The German Vaccination System

The Permanent Vaccination Commission (“Ständige Impfkommission” or “STIKO”), which is made up of various medical experts and is associated with the Robert Koch Institute (RKI), regularly publishes vaccination schedules in more than 20 languages along with other information leaflets. With the help of statistics, education and research, the institue aims at preventing contagious diseases from spreading in Germany. The specific tasks of the institute are summed up in the Infectious Disease Protection Act (“Infektionsschutzgesetz”). 

Recommended Vaccinations

In Germany, the Vaccination Commission recommends inoculation against tetanus, diphteria, whooping cough (pertussis), Haemophilus influenzae b (Hib), polio (poliomyelitis), Hepatitis B, pneumococcus (Streptococcus pneumoniae), rotavirus, meningococcus C (Neisseria meningitidis), measles, mumps, rubella and chickenpox (varicella) (as of August 2016).

Regarding elderly people and pregnant women, the Vaccination Commission recommends inoculation against the flu (influenza). Young women are advised to get vaccinated against cervical cancer (triggered by the human papillomavirus or HPV).

If you live in an area where tick-borne encephalitis (TBE) is prevalent and spend a lot of time outside, inoculation against TBE is highly recommended by the Vaccination Commission. Tick-borne encephalisits is a viral disearse which leads to inflammation of the brain, the meninges and the spinal cord. The virus is most often spread by ticks. 

Vaccination Patterns

In order to immunise you against diseases, your doctor hast to follow different vaccination patterns. Sometimes you might have to be vaccinated several times within a specific period of time. Basic immunisation, which applies to children between 6 and 23 weeks, consists of four part vaccinations (G1 to G4). Once this basic inoculation has been carried out, it needs to be boosted again once the child has reached age 2, and later on at age 17. However, additional boosts might be necessary at a later stage. You can find the inoculation schedule of the Vaccination Commission in 20 languages at the link

Vaccination Record (“Impfpass”)

When you are vaccinated for the first time in Germany, you will receive a yellow booklet which is called “vaccination record” (“Impfpass”, “Impfausweis” or “Impfbuch”). All your inoculations will be recorded in this booklet which helps you keep track of the immunisation schedule. You should bring your vaccination record along to all your medical appointments.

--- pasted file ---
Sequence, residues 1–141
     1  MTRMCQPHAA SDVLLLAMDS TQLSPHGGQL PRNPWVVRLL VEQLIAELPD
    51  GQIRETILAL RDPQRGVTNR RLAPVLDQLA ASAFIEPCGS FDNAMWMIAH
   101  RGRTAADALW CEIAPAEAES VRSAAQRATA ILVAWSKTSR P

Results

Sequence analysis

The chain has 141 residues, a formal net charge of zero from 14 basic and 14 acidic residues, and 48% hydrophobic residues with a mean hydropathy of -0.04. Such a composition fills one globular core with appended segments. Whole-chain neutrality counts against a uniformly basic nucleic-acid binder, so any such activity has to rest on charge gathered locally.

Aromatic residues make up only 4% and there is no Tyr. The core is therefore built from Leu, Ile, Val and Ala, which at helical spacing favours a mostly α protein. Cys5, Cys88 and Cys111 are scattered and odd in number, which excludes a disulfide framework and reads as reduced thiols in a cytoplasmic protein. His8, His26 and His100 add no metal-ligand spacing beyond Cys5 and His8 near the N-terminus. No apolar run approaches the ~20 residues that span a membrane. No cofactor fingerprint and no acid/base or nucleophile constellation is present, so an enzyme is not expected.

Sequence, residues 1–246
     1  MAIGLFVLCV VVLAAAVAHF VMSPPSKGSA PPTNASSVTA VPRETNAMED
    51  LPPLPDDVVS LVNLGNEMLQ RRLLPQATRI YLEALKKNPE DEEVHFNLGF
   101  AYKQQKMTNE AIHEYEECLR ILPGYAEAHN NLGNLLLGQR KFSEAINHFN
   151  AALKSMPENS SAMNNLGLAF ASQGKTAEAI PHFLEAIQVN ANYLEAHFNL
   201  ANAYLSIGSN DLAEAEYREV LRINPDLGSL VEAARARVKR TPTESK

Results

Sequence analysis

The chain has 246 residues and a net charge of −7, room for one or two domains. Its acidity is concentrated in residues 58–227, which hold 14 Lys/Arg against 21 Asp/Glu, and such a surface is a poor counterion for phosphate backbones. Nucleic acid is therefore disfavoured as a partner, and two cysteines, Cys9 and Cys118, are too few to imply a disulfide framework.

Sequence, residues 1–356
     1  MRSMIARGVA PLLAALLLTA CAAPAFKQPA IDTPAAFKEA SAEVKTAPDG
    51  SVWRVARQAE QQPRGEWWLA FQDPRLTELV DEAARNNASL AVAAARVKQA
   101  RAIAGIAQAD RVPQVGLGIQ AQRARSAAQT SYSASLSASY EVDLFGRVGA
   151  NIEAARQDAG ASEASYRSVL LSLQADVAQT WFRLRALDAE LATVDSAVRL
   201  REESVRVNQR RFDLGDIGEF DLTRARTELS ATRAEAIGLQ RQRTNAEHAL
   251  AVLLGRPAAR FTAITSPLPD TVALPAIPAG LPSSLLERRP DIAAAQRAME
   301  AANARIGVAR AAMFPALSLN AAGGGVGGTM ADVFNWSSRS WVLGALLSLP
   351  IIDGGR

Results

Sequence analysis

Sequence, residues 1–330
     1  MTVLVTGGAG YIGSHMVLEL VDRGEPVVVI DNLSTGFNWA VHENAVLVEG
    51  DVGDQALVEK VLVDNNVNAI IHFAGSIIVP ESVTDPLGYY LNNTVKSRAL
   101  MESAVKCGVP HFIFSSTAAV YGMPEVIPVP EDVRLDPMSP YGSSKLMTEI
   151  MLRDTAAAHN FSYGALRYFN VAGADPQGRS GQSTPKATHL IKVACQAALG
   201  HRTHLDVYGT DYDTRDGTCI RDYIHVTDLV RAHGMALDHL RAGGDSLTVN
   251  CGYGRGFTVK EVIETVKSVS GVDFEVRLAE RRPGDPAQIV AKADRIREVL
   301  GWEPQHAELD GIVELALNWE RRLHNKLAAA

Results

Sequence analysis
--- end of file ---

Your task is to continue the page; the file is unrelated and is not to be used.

If you have minor children, you are responsible for the safekeeping of their vaccination record and monitoring their vaccination schedule for part inoculations. Any additional information can be collected in a record book for pediatric medical exams (“Kinderuntersuchungsheft” or “Gelbes Heft”). Until your child reaches age 6, all of their medical appointments and exams (U1 to U9) will be documented to recognise potential diseases as early as possible. Your gynaecologist or paediatrician will give you this booklet when you first visit them with your child. 


All public health insurance firms pay for the vaccinations recommended by the Vaccination Commission (according to the official vaccionation guideline). Some health insurances also pay for vaccinations against diseases that you might catch while on holiday abroad (“Reiseimpfung”). If you are at a higher risk of infection because of your profession, your employer has to pay for all the relevant inoculation you might need, according to section 3 of the Workers’ Health and Safety Act (“Arbeitsschutzgesetz”). 

Risk of Infection in Communal Spaces

In nursery and elementary schools, holiday camps or initial reception centers for refugees, usually a very limited space is shared by a large number  of people. In order to protect children and staff from contagious diseases, special regulations are put in place. If you notice that your children have caught a contagious disease, you have to inform the director of the school they are attending, or the management of the reception centre where you reside. Some diseases are so contagious, that they call for a “visiting ban”. This means that your child is banned from going to kindergarden or school as long as they are ill. You can find more information about this topic at the link.